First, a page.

Enter your Email address:
Wolters Kluwer Health may email you for journal alerts and information, but is committed
to maintaining your privacy and will not share your personal information without
You currently have
no recent searches
You currently have no recent searches
Prasad, K K; Sinha, S K; Sharma, A K; Nain, C K; Bhasin, D K; Singh, K
Department of Superspeciality of Gastroenterology, Postgraduate Institute of Medical Education and Research, Chandigarh (UT), India
Aim: Lymphocytic gastritis (LG) is a histological entity characterised by intense lymphocytic infiltration (≥25 lymphocytes/100 epithelial cells) in the gastric surface and pit epithelium. Its cause has not been established, but an association with Helicobacter pylori infection or celiac disease (CD) has been suggested. The aim of this study was to verify the association of LG in adults with CD, with and without H. pylori infection.
Methods: This prospective study included 63 adults with CD in whom gastric and duodenal biopsy was taken simultaneously. The adults were diagnosed as cases of CD based on the modified ESPGHAN criteria and positive serology. The control consisted of 63 non‐celiac adults matched for gender and age (within 2 years) without any gastric or duodenal ulcer in whom upper digestive endoscopy was performed. Helicobacter pylori were recognised in gastric biopsy on H&E sections; a modified Giemsa stain was performed in biopsy suspicious for H. pylori. The results were expressed as number and percentage or mean+SEM. Comparisons of quantitative measurements between groups were performed with Student's t test.
Results: The mean age of CD cases (M:F 27:36) at presentation was 34.7±2.2 years. LG was found in 22 (34.9%) CD cases. CD cases positive for LG had a mean gastric IEL/100 surface epithelial cells of 43.2±3.5, compared with a mean of 10.5±0.7 in negative cases. CD cases not showing LG, however, did show significantly increased gastric IEL compared with non‐celiac controls (10.5±0.7 vs 4.9±0.3; p<0.0001). Three of 63 (4.8%) CD patients were positive for H. pylori, and none of 22 cases of LG were H. pylori positive.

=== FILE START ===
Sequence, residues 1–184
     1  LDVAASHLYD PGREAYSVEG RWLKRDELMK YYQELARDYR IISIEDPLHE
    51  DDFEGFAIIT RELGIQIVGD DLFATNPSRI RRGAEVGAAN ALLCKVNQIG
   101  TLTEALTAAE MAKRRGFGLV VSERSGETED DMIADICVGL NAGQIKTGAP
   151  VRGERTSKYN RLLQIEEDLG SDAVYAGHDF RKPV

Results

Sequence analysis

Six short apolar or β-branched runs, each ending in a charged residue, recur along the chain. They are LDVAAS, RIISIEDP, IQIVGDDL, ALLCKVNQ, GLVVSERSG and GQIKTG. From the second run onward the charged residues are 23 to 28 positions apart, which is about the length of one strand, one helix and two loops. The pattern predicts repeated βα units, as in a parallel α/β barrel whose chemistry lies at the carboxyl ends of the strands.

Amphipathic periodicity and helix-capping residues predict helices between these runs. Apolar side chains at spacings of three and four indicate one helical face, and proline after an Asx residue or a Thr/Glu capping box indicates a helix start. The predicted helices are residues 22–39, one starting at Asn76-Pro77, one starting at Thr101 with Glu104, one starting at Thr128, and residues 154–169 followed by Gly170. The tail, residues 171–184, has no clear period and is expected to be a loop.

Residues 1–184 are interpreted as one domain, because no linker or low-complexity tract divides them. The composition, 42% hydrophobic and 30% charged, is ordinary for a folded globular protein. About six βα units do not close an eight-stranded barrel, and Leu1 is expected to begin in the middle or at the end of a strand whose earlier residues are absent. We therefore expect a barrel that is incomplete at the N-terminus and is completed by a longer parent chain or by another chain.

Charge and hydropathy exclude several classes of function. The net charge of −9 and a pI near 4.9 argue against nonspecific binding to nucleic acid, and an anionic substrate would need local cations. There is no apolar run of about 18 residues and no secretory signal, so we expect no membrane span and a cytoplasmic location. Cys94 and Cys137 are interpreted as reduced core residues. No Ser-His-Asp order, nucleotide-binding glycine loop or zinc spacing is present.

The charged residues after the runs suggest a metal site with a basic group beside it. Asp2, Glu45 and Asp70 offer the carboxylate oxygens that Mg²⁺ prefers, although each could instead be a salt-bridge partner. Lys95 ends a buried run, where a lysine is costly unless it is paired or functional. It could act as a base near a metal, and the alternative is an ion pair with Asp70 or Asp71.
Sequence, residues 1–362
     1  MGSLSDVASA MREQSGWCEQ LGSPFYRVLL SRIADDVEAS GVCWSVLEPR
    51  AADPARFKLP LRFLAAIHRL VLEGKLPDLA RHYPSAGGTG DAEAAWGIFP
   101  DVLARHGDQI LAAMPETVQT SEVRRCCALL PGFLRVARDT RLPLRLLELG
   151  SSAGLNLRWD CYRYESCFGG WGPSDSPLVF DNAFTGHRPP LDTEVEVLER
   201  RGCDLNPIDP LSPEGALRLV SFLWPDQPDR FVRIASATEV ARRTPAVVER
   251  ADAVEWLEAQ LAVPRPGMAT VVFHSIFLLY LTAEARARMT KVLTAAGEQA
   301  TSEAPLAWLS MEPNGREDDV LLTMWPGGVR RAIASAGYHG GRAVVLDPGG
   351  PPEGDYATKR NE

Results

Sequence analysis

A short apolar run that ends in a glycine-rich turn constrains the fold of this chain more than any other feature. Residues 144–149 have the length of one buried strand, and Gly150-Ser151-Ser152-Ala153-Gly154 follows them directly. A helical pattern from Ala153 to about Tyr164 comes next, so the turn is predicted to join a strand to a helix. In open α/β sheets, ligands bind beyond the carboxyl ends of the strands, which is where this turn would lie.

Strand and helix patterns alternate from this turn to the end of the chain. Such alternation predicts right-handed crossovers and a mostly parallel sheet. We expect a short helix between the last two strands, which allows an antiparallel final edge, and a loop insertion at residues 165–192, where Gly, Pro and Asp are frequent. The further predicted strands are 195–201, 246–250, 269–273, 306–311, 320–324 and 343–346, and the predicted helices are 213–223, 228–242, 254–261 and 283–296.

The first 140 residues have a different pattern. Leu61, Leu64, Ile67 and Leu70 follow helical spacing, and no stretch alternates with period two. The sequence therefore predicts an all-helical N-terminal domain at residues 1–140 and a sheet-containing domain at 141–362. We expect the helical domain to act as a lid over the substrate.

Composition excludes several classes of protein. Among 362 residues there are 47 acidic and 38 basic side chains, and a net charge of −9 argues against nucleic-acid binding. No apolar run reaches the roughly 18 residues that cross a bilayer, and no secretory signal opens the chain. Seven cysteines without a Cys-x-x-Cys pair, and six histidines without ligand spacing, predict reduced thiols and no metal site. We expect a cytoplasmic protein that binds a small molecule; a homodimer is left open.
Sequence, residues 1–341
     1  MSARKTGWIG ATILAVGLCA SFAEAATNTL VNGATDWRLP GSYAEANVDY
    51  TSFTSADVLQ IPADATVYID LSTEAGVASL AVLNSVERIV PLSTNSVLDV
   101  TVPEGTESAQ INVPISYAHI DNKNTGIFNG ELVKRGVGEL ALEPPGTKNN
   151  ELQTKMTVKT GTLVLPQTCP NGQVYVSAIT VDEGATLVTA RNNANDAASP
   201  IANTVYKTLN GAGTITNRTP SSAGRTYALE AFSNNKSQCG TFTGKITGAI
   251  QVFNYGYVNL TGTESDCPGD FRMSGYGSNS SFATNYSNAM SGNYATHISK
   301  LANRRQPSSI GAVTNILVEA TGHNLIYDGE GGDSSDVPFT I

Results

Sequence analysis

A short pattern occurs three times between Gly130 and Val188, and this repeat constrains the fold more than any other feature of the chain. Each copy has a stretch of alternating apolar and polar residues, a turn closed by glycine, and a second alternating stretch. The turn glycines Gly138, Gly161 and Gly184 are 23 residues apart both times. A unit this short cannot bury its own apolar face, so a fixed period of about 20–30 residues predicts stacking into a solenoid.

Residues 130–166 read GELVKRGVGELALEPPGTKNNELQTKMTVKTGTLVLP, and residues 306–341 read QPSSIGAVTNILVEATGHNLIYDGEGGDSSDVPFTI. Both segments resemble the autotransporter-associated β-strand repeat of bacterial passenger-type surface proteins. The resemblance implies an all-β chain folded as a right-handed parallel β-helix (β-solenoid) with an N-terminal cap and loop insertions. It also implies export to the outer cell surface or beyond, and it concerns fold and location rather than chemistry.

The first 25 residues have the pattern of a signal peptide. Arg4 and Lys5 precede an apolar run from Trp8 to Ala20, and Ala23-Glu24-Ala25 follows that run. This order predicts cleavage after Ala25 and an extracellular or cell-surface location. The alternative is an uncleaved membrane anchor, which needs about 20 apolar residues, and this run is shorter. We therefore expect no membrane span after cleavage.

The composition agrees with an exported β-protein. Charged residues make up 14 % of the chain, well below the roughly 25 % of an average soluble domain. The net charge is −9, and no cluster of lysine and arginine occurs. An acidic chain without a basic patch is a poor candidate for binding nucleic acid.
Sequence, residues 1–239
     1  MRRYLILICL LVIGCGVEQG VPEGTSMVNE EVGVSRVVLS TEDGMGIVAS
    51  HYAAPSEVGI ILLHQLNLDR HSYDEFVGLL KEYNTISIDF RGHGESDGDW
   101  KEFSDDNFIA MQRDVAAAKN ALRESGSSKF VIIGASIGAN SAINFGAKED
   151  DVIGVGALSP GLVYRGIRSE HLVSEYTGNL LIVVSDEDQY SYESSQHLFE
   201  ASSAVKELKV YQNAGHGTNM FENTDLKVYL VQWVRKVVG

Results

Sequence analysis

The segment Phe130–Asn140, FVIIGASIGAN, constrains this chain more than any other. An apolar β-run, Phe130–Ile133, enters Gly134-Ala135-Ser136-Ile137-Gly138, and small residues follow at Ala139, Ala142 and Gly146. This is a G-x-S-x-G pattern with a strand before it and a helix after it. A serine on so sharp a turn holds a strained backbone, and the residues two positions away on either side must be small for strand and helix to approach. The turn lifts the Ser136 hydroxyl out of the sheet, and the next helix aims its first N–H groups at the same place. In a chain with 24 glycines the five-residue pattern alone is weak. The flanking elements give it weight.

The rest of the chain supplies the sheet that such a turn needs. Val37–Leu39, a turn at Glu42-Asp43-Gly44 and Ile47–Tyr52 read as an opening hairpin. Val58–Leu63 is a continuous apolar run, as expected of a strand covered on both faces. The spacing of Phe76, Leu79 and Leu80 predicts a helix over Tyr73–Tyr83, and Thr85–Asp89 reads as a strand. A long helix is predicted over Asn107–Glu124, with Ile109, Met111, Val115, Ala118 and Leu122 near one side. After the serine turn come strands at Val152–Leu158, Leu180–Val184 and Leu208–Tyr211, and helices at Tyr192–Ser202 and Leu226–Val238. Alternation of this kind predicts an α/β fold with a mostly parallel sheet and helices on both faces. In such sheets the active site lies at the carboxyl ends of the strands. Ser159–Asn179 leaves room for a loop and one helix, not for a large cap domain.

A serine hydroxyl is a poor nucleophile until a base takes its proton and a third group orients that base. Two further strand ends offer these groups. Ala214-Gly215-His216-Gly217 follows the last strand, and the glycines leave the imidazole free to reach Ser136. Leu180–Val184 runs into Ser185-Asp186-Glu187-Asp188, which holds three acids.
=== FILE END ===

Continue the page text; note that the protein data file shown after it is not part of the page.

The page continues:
Conclusions: This study shows support for a pathogenetic relationship between celiac disease and lymphocytic gastritis. Celiac disease without lymphocytic gastritis also showed increased gastric intraepithelial lymphocytes. Histopathologists should be alerted to the distinct appearance of lymphocytic gastritis, and duodenal biopsy may be considered to pick up the celiac disease cases.
© 2009 Royal College of Pathologists of Australasia
Colleague's E-mail is Invalid
Your Name: (optional)
Separate multiple e-mails with a (;).
Thought you might appreciate this item(s) I saw at Pathology - Journal of the RCPA.
Send a copy to your email
Your message has been successfully sent to your colleague.
Some error has occurred while processing your request. Please try after some time.
An Existing Folder
A New Folder
The item(s) has been successfully added to "".
Login with your LWW Journals username and password.
Username or Email:
Need to Activate a New Subscription?Recently purchased a subscription? Login or Register a new account
and enter your subscription ID, or Subscribe Now!
Enter and submit the email address you registered with. An email with instructions to reset your password will be sent to that address.
Link to reset your password has been sent to specified email address.
What does "Remember me" mean?
By checking this box, you'll stay logged in for
days or until you logout. You'll get easier access to your articles, collections,
media, and all your other content, even if you close your browser or shut down your
To protect your most sensitive data and activities (like changing your password),
we'll ask you to re-enter your password when you access these services.
What if I'm on a computer that I share with others?
If you're using a public computer or you share this computer with others, we recommend
that you uncheck the "Remember me" box.
Save my selection